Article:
As a father of young twin boys, and with the shared responsibility with my wife for making the right decisions for the health of our boys, I remain interested in news about vaccines.
One of my favorite blogs at present is that of the Angry Toxicologist. A recent post regarding Vaccines and Autism clearly triggered some interesting responses..read the comments. This one is on the hot button of Vaccines and Autism and the fact that almost 5000 families will make the case in court that vaccines caused their children to develop autism. There are at least two camps and fuzziness in between. The Angry Toxicologist offers his view and the National Autism Association offers theirs.
A search on Google regarding Thimerosal and Autism gives 355,000 hits. There are thousands of other opinions.
My view, while vaccinating our children, was simple. Why not source vaccines without Thimerosal. Also, why assault babies with the MMR vaccine (Measles, Mumps, Rubella) …simply source each vaccine separately and spread out the time for introduction of the individual viruses. We have a “patient-friendly” pediatrician who listened to our request and HELPED us source the individual components. He could NOT source them himself. Rules…
Yes, it cost us more money, more time, more travel, more trouble. But isn’t it the right thing to do? I have since informed friends of what we did and they have taken the request to their pediatricians only to hear that MMR cannot be split, that their children MUST have MMR by law and that there are advantages to the MMR cocktail. I can only see cost advantages … are their others? Okay…other than the fast it was “…introduced to induce immunity less painfully than three separate injections at the same time, and sooner and more efficiently than at three separate encounters”. Ask the question how the potential health hazards balance against your one year old crying for a few minutes.
I am sensitive to the impact of vaccines for personal reasons. I lost 40% of my retina to a vaccine almost a decade ago…I believe.
I received a cocktail vaccine to visit Brazil. Within 48 hours I had a severe temperature spike and within two weeks was struggling to see and spent three months with a retinal specialist who “celebrated” this fairly uncommon disease called Acute posterior multifocal placoid pigment epitheliopathy. When this disease occurred they did not know the cause…but it left me with the “eyes of a 70 year old”. Nowadays, with the power of the web you can search “AMPPE Vaccine” and find hits including “Acute posterior multifocal placoid pigment epitheliopathy after hepatitis B vaccine“. While a single publication, a small amount of data and my eye state aren’t evidence of what caused my problem multiple other conversations say that there is more evidence amassing. I’ll keep watching…with “70 year old eyes”. By the way, what really annoys me is the $1100 bill the local expert hit me with when I moved to North Carolina to “inform me” that there was no improvement. Ahem…I’m looking out of my eyes…do you think I know?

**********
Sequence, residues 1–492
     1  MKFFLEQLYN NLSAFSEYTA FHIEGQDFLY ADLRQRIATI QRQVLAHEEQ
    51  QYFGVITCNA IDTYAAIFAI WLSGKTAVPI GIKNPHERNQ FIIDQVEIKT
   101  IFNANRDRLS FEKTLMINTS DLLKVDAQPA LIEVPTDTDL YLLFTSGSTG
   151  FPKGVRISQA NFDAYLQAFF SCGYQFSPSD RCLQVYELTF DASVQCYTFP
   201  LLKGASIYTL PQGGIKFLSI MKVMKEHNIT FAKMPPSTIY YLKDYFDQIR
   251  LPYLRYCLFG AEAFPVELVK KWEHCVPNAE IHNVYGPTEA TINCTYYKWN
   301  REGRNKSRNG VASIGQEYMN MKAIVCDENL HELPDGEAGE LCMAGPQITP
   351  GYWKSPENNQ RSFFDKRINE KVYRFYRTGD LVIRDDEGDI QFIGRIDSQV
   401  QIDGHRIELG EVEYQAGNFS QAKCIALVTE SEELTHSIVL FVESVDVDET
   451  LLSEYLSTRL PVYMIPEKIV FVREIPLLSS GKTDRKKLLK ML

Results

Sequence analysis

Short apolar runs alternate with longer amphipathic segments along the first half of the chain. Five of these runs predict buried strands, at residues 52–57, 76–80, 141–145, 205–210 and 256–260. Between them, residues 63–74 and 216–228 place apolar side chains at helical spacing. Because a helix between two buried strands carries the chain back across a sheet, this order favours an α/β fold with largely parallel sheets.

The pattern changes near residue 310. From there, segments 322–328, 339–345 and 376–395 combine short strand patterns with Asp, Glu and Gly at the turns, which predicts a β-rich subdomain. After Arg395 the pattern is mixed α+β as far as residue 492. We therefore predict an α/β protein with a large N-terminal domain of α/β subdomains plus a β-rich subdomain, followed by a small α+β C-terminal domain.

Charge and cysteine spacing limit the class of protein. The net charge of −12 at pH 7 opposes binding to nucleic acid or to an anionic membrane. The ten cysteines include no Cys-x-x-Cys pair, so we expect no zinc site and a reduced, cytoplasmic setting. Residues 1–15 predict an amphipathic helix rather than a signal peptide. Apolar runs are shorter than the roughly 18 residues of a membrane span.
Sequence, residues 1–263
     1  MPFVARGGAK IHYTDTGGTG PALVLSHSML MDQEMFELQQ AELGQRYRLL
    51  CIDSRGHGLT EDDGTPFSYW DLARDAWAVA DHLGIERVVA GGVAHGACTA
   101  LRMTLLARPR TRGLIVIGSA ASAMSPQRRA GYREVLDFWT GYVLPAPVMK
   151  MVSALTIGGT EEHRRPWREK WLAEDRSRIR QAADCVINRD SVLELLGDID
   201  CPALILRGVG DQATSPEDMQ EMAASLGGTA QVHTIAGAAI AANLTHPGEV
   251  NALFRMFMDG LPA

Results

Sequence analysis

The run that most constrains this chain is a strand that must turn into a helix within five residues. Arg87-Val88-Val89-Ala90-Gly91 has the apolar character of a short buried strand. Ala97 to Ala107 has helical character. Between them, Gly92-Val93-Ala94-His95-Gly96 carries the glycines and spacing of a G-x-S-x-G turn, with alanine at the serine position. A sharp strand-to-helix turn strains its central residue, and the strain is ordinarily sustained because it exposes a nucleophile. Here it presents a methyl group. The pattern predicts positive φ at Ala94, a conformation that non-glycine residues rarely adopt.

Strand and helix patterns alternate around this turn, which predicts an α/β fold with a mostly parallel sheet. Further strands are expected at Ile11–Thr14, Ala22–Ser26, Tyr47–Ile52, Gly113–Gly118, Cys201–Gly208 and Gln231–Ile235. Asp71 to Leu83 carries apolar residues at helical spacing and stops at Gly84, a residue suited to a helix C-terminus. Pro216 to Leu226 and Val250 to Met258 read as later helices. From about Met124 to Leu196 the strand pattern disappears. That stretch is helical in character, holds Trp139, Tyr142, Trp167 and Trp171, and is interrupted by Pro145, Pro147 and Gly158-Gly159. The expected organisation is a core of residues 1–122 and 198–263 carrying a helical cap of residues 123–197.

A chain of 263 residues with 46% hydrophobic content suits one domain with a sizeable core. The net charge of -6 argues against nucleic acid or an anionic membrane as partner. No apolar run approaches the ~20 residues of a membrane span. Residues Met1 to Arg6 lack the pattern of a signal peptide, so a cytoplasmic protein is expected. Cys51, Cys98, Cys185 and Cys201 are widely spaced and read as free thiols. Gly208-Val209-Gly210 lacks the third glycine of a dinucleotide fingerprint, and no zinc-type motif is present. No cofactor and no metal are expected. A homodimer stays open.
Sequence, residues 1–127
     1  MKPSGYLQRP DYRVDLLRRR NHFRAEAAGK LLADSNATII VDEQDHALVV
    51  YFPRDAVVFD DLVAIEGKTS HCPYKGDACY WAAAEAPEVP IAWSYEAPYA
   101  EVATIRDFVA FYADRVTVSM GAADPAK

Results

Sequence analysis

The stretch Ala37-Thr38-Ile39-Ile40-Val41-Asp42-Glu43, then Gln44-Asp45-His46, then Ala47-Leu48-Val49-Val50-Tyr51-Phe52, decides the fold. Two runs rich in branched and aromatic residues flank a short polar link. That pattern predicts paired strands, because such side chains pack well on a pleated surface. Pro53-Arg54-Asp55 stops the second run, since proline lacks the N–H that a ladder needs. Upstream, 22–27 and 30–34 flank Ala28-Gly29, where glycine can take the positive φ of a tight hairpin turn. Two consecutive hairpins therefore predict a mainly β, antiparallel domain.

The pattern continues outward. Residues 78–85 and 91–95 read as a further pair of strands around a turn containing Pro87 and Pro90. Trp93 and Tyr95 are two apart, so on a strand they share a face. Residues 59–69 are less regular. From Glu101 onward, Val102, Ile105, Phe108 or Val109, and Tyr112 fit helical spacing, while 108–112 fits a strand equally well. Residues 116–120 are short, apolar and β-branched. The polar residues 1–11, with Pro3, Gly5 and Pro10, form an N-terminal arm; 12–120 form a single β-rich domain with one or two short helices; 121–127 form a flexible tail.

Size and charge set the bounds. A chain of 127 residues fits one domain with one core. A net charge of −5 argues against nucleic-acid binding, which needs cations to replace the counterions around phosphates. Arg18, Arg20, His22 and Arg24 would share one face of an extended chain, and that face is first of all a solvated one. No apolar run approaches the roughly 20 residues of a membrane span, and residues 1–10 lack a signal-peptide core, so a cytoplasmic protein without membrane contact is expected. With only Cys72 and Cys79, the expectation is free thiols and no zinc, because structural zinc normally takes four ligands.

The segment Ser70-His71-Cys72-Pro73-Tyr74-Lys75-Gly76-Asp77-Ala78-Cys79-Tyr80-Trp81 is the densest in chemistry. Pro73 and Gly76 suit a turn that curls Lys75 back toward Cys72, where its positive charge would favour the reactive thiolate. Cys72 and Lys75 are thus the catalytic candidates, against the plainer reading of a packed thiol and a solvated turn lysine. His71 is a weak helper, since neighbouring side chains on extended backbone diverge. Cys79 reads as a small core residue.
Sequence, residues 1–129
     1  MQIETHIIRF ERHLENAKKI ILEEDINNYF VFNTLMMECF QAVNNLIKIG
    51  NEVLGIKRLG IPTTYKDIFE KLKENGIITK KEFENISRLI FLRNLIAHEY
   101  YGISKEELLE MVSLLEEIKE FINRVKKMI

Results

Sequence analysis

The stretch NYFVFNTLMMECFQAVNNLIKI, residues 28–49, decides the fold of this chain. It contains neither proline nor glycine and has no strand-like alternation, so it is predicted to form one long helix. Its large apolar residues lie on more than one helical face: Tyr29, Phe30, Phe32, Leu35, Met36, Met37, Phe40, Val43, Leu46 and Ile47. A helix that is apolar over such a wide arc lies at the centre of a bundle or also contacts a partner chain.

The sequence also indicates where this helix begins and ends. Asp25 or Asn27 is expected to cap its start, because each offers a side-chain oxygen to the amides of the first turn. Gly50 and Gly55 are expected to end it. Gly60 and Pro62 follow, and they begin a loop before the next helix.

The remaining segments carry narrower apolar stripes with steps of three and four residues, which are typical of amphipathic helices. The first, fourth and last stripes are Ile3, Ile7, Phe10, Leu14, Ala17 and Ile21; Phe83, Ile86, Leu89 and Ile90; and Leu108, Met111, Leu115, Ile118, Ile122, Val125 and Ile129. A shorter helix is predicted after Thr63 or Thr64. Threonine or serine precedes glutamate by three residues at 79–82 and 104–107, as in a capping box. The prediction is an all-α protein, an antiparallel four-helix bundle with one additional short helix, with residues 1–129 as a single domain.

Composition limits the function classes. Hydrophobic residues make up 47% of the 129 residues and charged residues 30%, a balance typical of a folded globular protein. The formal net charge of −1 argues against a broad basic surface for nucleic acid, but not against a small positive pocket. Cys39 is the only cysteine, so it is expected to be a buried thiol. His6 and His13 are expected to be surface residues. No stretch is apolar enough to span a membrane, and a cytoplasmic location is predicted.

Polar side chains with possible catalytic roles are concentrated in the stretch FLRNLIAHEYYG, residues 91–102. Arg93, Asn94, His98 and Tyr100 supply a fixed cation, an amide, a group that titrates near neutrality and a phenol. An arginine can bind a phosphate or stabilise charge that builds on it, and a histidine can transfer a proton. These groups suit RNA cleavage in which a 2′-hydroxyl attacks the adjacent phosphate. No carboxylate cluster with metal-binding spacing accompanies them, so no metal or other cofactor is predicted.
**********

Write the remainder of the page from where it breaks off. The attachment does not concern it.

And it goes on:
Okay…while I am ranting…for those of you interested in Vaccines and Viruses I recommend the book “The Virus and the Vaccine: The True Story of a Cancer-Causing Monkey Virus, Contaminated Polio Vaccine, and the Millions of Americans Exposed“. The basic premise of the book is : “Jonas Salk’s polio vaccine has taken on legendary quality as a medical miracle, for it largely eradicated one of the most feared diseases of the twentieth century. But the story of the vaccine has a dark side, one that has never been fully told before. In one of modern medicineâ€™s biggest blunders, between 1954 and 1963, 98 million Americans received polio vaccinations widely contaminated with a carcinogenic monkey virus, known as simian virus 40, or SV40. A concerted government effort downplayed the incident, and it was generally accepted that although oncogenic to laboratory animals, SV40 was harmless to humans.”
Ok…now to thimerosal and ChemSpider…what is the structure of that stuff?
Wikipedia presents the structure of thimerosal in the form shown below.
ChemSpider offers two representations as shown below when searched on the trivial name of Thimerosal.
It is a sodium salt as defined by Wikipedia and in many of the synonyms. The question for the readers therefore is whether to add the Wikipedia representation to ChemSpider or not?